Feeds

Richardson death used to bait scareware traps

Off-piste

High performance access to file storage

Criminal hackers are exploiting interest in news of the tragic death of actress Natasha Richardson on Wednesday to bait scareware traps.

Cybercrooks are busy creating malicious webpages and filling them with keywords related to the actress's untimely death following a skiing accident earlier this week, according to net security firm Sophos. The ruse, which takes advantage of content scraped from legitimate news websites, is designed to create a high search engine ranking for sites harbouring malicious code.

Users who wind up happening across maliciously constructed websites will be exposed to a malicious script, categorised by Sophos as Reffor-A, designed to alarm users into purchasing a scareware package. Such scareware (fake anti-virus) packages are among the internet's fastest growing nuisances. These applications typically attempt to frighten users into thinking their computers are riddled with malware, even if the PC is clean, as a ruse designed to trick people in purchasing ineffective clean-up tools.

A full write-up of the attack can be found on a Sophos security blog here. As Sophos notes, the incident shows it's safer to go to a trusted news outlet of your choice directly rather than using a search engine to find the latest updates on breaking news stories.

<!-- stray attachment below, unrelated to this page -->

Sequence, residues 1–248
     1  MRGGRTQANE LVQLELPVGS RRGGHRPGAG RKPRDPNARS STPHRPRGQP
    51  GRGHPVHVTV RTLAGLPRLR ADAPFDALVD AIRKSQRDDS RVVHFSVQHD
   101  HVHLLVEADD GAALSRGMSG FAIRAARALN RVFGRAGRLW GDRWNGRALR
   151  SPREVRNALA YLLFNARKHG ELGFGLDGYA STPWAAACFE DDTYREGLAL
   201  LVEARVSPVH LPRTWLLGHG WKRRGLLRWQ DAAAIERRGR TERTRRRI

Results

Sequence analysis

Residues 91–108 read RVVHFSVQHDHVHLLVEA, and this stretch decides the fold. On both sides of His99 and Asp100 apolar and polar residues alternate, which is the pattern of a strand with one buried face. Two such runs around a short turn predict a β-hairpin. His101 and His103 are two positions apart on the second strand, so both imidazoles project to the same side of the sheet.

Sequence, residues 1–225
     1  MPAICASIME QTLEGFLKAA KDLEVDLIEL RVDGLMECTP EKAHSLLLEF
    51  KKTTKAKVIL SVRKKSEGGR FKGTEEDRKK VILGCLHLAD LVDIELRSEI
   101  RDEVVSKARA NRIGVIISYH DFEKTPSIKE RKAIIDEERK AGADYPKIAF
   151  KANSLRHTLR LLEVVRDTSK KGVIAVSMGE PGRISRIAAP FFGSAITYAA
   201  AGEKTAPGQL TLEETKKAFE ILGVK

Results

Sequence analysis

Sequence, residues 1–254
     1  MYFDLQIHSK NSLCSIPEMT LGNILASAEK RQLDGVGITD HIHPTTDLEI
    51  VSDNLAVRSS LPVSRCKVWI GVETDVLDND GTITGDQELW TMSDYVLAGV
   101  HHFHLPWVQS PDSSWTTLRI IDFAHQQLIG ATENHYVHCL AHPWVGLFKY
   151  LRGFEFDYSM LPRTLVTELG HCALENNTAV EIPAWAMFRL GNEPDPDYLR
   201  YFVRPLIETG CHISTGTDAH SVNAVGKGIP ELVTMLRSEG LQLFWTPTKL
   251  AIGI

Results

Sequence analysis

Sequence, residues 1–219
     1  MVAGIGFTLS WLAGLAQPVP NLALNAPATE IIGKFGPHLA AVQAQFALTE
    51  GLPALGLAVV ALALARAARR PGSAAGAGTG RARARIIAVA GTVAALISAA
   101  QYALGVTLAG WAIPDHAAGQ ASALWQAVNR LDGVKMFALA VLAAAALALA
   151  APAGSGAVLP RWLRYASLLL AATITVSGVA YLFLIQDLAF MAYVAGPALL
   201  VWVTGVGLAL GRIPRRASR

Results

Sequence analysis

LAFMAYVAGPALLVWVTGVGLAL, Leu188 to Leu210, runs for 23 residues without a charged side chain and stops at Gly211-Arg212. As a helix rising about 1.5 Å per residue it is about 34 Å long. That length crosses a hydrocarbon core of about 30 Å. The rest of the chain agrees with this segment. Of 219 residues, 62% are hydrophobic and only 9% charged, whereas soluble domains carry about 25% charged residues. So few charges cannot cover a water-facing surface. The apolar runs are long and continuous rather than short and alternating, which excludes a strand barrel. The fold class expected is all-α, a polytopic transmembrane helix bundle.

Hackers regularly take advantage of breaking news story, often acting in advance of any kind of security response. For example, hackers exploited confusion created by the Symantec / PIFTS.EXE incident earlier this month and similar keyword stuffing tactics, to draw surfers towards rogue sites, also punting fake anti-malware scanning software. ®

High performance access to file storage

More from The Register

next story
Obama allows NSA to exploit 0-days: report
If the spooks say they need it, they get it
OpenSSL Heartbleed: Bloody nose for open-source bleeding hearts
Bloke behind the cockup says not enough people are helping crucial crypto project
Web data BLEEDOUT: Users to feel the pain as Heartbleed bug revealed
Vendors and ISPs have work to do updating firmware - if it's possible to fix this
One year on: diplomatic fail as Chinese APT gangs get back to work
Mandiant says past 12 months shows Beijing won't call off its hackers
Call of Duty 'fragged using OpenSSL's Heartbleed exploit'
So it begins ... or maybe not, says one analyst
Heartbleed exploit, inoculation, both released
File under 'this is going to hurt you more than it hurts me'
Bad PUPPY: Undead Windows XP deposits fresh scamware on lawn
Installing random interwebs shiz will bork your zombie box
Experian subsidiary faces MEGA-PROBE for 'selling consumer data to fraudster'
US attorneys general roll up sleeves, snap on gloves
prev story

Whitepapers

Mainstay ROI - Does application security pay?
In this whitepaper learn how you and your enterprise might benefit from better software security.
Five 3D headsets to be won!
We were so impressed by the Durovis Dive headset we’ve asked the company to give some away to Reg readers.
3 Big data security analytics techniques
Applying these Big Data security analytics techniques can help you make your business safer by detecting attacks early, before significant damage is done.
The benefits of software based PBX
Why you should break free from your proprietary PBX and how to leverage your existing server hardware.
Mobile application security study
Download this report to see the alarming realities regarding the sheer number of applications vulnerable to attack, as well as the most common and easily addressable vulnerability errors.